BY DEWEY FOX, email@example.com
1:53 PM EDT, May 2, 2013
Earlier this week, during an interview I conducted while working on a Kentucky Derby preview piece, Mike Pons, who along with his brother, Josh, own Bel Air's Country Life Farms, said something that resonated with me: "The whole secret to life is having things to look forward to. You're going to take the girl to the dance, or you're going to get that raise at work. You have to have something on the horizon."
Even as someone who walks around with a semi-constant rain cloud over his head (at least it feels that way sometimes), I'd have to agree with Pons on that point. You're not really living, just existing, if you don't have some modicum of hope in your life. Even if it's something relatively small, say, getting written up in the newspaper for having the game-tying hit in a big softball game, those things are the gas in our psychic engine.
That example I just gave did not come out of thin air. The Fallston softball team, which until Wednesday was carrying an impressive 13-game win streak, took a huge, come-from-behind, out-of-division victory over Bel Air last Friday, erasing a 6-3 deficit in the seventh inning to beat the Bobcats, 7-6. The Cougars' fifth and sixth runs came on a two-RBI shot from freshman catcher Autumn Walinski.
I owe a serious apology to Walinski, as through some breakdown in communication, her game-tying hit was left out of my softball writeup. I'm sure she spent the ensuing days thinking she'd see her name in the print edition, then had to deal with some serious disappointment when it wasn't there. I know I'd be disappointed, because now, as I'm just about 15 years removed from my last high school athletic endeavor (the 1998 Maryland track and field state championship meet), I can recall very acutely similar instances from my own playing days. I think that's why I get so angry with myself, and wind up writing entire columns pointing out my gaffes. I was on the other end of the athlete-journalist relationship, and I know how bad it stings to be snubbed, or to have something you hoped for, looked forward to, just disappear.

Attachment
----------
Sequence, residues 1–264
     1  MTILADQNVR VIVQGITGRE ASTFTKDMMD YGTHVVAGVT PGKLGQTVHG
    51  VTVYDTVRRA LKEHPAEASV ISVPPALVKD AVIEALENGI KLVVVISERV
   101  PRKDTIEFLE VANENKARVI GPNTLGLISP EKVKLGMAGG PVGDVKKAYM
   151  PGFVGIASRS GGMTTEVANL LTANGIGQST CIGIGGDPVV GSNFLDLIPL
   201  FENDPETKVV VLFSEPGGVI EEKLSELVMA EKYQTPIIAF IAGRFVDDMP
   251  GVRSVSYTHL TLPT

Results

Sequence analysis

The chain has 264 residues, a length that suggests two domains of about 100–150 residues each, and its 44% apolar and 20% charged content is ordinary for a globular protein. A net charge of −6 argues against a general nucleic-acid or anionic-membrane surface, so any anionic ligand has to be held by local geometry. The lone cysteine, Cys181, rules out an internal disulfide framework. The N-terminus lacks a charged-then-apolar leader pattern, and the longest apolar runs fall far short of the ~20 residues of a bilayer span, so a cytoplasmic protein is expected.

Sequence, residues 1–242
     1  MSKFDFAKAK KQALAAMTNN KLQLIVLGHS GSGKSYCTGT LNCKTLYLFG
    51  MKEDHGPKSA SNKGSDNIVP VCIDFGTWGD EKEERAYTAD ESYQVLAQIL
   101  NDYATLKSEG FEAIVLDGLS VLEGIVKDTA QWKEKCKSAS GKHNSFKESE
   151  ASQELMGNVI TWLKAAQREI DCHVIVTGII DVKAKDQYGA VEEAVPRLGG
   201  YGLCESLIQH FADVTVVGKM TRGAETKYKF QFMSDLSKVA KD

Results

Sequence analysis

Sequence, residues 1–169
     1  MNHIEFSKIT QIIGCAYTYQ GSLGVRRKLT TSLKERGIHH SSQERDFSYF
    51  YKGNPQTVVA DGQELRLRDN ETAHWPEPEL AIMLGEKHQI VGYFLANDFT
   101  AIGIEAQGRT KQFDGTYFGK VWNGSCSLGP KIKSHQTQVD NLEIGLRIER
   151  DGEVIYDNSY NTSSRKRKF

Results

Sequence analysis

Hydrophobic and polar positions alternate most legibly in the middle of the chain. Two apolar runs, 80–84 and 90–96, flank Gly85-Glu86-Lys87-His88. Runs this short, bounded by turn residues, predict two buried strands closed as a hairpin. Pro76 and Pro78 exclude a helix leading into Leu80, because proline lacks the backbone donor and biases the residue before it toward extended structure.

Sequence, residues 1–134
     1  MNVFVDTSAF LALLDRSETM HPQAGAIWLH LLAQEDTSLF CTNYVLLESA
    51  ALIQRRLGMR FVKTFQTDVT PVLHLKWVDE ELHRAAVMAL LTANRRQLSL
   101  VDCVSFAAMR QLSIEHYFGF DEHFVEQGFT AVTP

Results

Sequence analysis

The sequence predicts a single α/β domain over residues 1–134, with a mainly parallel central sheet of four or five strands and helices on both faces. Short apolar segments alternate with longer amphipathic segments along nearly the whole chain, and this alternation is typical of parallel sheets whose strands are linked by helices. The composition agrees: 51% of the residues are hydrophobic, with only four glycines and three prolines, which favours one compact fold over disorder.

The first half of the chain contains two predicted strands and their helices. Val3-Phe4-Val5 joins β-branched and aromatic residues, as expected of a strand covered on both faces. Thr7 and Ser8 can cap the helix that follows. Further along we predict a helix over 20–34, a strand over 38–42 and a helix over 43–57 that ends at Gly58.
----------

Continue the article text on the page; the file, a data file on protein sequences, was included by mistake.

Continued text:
Here's a good anecdote, in case you think I'm making all this up. In the spring of my junior year, during which I'd made the decision to quit the baseball team to run track (long, boring story), I had what I thought was a really great week. My team ran meets on Monday, Wednesday and Friday, and in each of those I won the 800 and 1600-meter events by pretty wide margins. I was also the anchor on the winning 1600 and 3200-meter relays in all three meets, so, in the space of five days, I'd racked up 12 first-place finishes. Well, one of those meets went entirely unreported in the county paper, in one recap my first name was spelled "Dewy," (which happened in an email I received yesterday, so that hasn't changed at all) and the sports section's "Athlete of the Week" selection was a baseball player who'd hit three home runs in a game. I remember looking over at the baseball field, which sat right next to our school's track, after I'd just done 20 minutes worth of 400-meter negative split drills (look it up, they're torture), and thought, "I'm over here killing myself, you guys are having a grand old time, and the paper can't even get my name straight."
I chuckle thinking about it now, but it was very serious business to me then, and rightly so. High school athletes bust their tails. Every day they have about 15 minutes after the last bell rings to compose themselves, then it's off to practice or a game. No dinner, no time to decompress, no rewards at the end, besides self-satisfaction and maybe a write-up in the local newspaper. So, to all the people I write about, I feel your pain, and, trust me, I don't sit around in my cubicle, cackling about how I denied someone a mention in an article. I've been in your shoes.